‘Twas more than twenty years ago
That Mom and Dad retired
And moved into their mountain home,
A haven much desired.
Through grateful tears, Dad said to Mom,
“Please pinch me. Is this real?
How could we ever be so blessed?
Our life is now ideal.”
Mom just smiled and took his hand,
And said, “My dear, it’s true
That up here on these mountaintops,
God whispers, ‘I love you.’”
Whenever they would go to town
They’d drive down from the mount,
Say, “Aren’t we blessed we live up high---
This valley’s just a route.”
They settled down and joined a church,
Played golf and went abroad,
But they were glad to fly back home.
By mountains they were awed.
Although at first their life was charmed
It wasn’t very long
That trials began to come their way---
They wondered, “What went wrong?”
Dad’s hands began to twitch and shake
As well as his poor knees.
The doctor gave the grim report
Of Parkinson’s’ disease.
Through several strokes Dad lost his sight
As blindness settled in,
And Mom lost weight, was worried sick.
She grew extremely thin.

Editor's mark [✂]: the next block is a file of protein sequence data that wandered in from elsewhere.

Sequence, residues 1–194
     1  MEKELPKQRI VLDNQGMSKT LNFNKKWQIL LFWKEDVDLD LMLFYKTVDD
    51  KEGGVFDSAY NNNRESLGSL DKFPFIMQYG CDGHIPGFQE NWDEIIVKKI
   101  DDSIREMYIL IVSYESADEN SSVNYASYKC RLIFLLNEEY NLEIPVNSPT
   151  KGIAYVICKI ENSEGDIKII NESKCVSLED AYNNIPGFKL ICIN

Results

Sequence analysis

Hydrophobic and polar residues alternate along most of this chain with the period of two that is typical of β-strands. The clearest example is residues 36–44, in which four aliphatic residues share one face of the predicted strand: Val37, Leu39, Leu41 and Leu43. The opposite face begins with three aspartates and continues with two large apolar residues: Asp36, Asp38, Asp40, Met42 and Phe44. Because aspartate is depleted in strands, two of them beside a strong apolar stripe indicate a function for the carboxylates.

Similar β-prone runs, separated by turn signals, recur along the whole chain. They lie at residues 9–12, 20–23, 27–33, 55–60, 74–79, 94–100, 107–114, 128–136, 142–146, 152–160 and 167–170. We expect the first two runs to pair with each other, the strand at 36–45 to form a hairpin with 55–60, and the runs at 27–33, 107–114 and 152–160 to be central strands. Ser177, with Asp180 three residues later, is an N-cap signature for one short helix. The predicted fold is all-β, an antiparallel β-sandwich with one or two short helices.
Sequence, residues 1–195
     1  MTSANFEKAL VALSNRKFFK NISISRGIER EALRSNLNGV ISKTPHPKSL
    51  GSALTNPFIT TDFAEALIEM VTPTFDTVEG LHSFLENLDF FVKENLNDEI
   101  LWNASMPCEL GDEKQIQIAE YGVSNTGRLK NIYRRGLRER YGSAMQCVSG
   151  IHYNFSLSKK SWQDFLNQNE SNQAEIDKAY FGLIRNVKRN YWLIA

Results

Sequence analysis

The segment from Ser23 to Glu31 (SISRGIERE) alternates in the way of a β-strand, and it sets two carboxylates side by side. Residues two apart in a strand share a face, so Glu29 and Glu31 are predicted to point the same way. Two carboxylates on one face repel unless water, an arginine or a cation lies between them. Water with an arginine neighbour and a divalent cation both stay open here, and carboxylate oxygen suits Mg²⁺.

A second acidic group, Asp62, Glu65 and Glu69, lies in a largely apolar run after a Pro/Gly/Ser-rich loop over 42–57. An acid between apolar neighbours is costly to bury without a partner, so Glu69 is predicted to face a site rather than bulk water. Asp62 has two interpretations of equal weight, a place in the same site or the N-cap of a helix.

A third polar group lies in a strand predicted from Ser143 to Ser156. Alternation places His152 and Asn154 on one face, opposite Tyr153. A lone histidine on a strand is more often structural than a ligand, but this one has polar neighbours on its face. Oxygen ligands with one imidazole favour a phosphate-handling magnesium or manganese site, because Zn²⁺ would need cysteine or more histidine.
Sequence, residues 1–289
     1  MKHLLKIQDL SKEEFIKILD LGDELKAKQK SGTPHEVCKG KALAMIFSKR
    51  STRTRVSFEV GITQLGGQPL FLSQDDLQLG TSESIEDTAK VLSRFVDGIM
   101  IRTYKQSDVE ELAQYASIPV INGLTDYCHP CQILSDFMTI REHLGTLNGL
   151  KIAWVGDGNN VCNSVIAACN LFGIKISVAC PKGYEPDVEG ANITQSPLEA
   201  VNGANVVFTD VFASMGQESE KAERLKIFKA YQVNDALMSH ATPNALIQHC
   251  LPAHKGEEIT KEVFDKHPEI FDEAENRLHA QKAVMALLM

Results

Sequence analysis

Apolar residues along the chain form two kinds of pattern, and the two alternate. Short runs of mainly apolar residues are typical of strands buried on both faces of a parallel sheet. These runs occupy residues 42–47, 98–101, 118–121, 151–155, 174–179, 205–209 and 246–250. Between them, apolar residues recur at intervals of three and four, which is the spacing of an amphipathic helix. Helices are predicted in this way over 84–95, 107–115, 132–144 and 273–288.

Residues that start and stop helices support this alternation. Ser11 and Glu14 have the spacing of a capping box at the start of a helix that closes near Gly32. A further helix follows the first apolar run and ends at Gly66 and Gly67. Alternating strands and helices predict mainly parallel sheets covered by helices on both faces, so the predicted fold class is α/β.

Then Dad fell on the floor one day
And couldn’t walk at all.
Mom placed him in a nursing home---
Eleven months she bawled.
One winter’s day in ‘94
The angles came for Dad.
Our mom was now left all alone
She carried on, though sad.
As years went by we beckoned Mom
To leave the mountaintops
And live near family so she’d be
More safe and near her shops.
She stomped her cane, and firmly said,
“I’m fine here by myself!
Big deal, I flunked my driver’s test.
Just take care of yourself.”
Concerned, we prayed for her to see
She couldn’t drive her car.
She crashed into a roadside ditch;
Her driving was bazaar.
“Okay,” she said through stubborn tears,
“I live out way too far.
Just settle me in close to you,
Now drive me---here’s my car.”
She sighed and thought of how she’d miss
Her lovely mountain view
And how she smiles when God imparts,
“My child, I do I love you.”
I’d like to say her life improved
When she moved close to kin,
But she came down with shooting pain
As shingles settled in.
Then followed other grueling trials
That challenge older folks.
But through it all she kept her smile
And even cracked some jokes.
We asked her one day as she sang,
“Do you still hear from God?
For now you’re in a valley low
On drab brown Texas sod.”
She took our hands and sweetly said,
“No reason to complain.
He whispered on those mountaintops,
But shouts down in my pain.”
(Based on the true story of my 84-year-old mom.)
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